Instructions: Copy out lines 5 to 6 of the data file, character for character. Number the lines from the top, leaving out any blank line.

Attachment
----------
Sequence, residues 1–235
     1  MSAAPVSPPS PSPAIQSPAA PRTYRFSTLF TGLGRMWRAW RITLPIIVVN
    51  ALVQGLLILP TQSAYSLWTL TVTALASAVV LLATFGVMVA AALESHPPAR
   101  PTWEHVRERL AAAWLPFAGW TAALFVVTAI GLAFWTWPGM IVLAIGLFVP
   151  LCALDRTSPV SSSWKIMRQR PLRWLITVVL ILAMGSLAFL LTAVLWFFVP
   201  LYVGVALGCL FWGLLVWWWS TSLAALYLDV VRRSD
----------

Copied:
   151  LCALDRTSPV SSSWKIMRQR PLRWLITVVL ILAMGSLAFL LTAVLWFFVP
   201  LYVGVALGCL FWGLLVWWWS TSLAALYLDV VRRSD